Ooops! So the government is falsifying the figures to make things look better than they really are? You bet. And, most of the high-end homebuilders like Toll Bros are reporting cancellations in the neighborhood of 37%!
The Times adds that, “Mr. Zandi of Economy.com estimates that the differential is even greater. ‘Given the rise in cancellation rates, it suggests that between 150,000 and 200,000 home sales are being counted that actually did not occur.’”
“Did not occur”! So, the government is beefing up their stats with an extra 200,000 homes a month!
Okay, so the homeowners are lying on their loans, and the government is lying about the sales (and inventory) figures. Is that it?
No. In an earlier article (“The Fed’s Role in the Housing Crash of ‘07”) we already covered how the banks are loaning out as much money as possible through all kinds of “untested” Mickey Mouse mortgages so that unqualified borrowers can get on board the housing gold rush. These are the ARMs: the “no-down payment, “interest-only” loans which Business Week magazine called “the riskiest and most complicated home loan product ever created.” Many of these ARMs are timed to explode sometime in the next two years and the aftershocks from the defaults are expected to be felt throughout the economy.
Of course, the banks never would have exposed themselves to such extraordinary risk if they weren’t able to bundle-up these dubious loans and ship them off to Wall Street. Fund managers have been more than eager to take this “collateralized debt” and use it in the booming hedge fund industry. No one really knows what will happen to the stock market when foreclosures begin to skyrocket and the banks and hedge funds are unable to recoup their losses. But a major “correction” (read: meltdown) is certainly not out of the question.
Once again, all of these problems originated at the Federal Reserve where interest rate manipulation and the loosey-goosey approach to money supply have created the potential for an economic firestorm.
So, what can we expect when interest rates tighten up and the market begins to slump.
According to the Wall Street Journal, lenders will get “more cautious in initiating new loans and have been setting aside more reserves for potential loan losses.” The banks are battening down the hatches and preparing for the worst. This just confirms that the real hurricane hasn’t even touched down yet and that America’s over-leveraged consumers should try to straighten out their financial affairs as swiftly as possible. (Get out of debt, pronto!)
A USB study indicates that a “high percentage of borrowers with delinquent, defaulted and foreclosed loans have second mortgages. These borrowers are so overburdened by the added debt that THEY HAVE TROUBLE MAKING THE PAYMENTS ON THEIR FIRST MORTGAGES. This is an ominous development since 34% of all mortgages in 2006 were second mortgages.”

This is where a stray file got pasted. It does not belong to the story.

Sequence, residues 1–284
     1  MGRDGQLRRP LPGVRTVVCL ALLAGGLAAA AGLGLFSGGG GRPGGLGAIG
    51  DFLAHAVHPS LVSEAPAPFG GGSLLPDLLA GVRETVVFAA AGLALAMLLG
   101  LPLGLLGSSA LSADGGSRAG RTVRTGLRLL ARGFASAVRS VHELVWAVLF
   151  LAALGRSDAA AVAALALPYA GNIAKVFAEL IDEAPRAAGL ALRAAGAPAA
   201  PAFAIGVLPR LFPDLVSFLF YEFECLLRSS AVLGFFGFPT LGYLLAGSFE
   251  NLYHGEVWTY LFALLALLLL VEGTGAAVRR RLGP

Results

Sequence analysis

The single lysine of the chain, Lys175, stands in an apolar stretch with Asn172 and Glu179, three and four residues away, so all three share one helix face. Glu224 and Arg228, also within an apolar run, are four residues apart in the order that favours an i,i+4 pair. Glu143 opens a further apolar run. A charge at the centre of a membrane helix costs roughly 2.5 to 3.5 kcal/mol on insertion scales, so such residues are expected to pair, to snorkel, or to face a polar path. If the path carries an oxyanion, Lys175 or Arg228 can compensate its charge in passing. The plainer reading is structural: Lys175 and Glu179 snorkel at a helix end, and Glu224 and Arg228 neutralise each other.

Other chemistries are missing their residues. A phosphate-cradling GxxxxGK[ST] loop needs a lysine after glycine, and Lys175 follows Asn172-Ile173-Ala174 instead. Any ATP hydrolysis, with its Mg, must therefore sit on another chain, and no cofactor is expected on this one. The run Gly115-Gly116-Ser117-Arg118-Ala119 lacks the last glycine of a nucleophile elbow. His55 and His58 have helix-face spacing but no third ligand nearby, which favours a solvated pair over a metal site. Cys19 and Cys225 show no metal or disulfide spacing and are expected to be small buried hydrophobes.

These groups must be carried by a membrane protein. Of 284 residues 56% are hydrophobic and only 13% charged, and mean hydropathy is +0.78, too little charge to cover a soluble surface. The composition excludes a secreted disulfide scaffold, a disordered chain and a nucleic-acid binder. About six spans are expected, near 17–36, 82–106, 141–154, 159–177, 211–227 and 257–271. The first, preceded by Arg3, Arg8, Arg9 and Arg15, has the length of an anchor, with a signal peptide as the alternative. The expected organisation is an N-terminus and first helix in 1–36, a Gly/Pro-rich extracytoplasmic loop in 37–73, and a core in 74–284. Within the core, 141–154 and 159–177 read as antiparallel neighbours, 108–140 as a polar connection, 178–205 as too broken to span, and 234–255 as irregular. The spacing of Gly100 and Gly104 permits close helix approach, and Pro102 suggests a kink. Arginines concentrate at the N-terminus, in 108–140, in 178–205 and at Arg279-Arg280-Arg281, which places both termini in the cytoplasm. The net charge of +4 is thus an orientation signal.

In other words, it’s not simply people in the sub-prime market who are feeling the pinch. Millions of Americans either have loans that will reset at significantly higher monthly rates (which they won’t be able to pay) or they are completely maxed-out financially after draining every last farthing out of their home equity. In fact, falling prices have decreased the amount of money that homeowners are able to take out of their home equity. (Equity withdrawals decreased by 70% in the last year alone!) That means that there is $525 billion less fueling the overall economy (GDP). As housing prices steadily decline, we can expect that America ’s growth will shrink accordingly.
The American consumer is hobbled by debt and has no way to increase his revenue as long as wages remain stagnant. Additionally, US households are now showing negative savings (minus .2%). When the home equity “punch bowl” dries up, it’ll be hard times for the average over-leveraged American consumer. He’ll have nothing left for his buying sprees but the plastic in his wallet. (Credit card debt is soaring)
It’ll be tough on the banks and Wall Street, too. After all, over 50% of all mortgages since 2003 have been these shaky, non-conventional loans that have ignored the standard criteria for loaning money (20% down payment, fixed interest rate, sufficient collateral and earnings). Now, they’ll have to “pay the piper” and accept the dismal aftereffects of their profligate lending.
The banks should have spotted this disaster a mile away. Instead, they decided to improvise on mortgages so they could keep the money flowing and maximize profits. Now, there’s not a lifeboat big enough on Planet Earth to bail us out.
Once again, we need to remind ourselves that the housing boom was not created by market forces, but by cheap money pumped into the system (via the “creative financing” rip-off) by our friends at the Federal Reserve. They are responsible for this whole bloody boondoggle.
When the Fed cut short-term interest rates from 6.5% to 1% in 2001, they knew that they were simply leaping from one equity-bubble to another. In the next five years, total mortgage debt increased by a whopping 82% and total real estate value nearly doubled to $21 trillion dollars.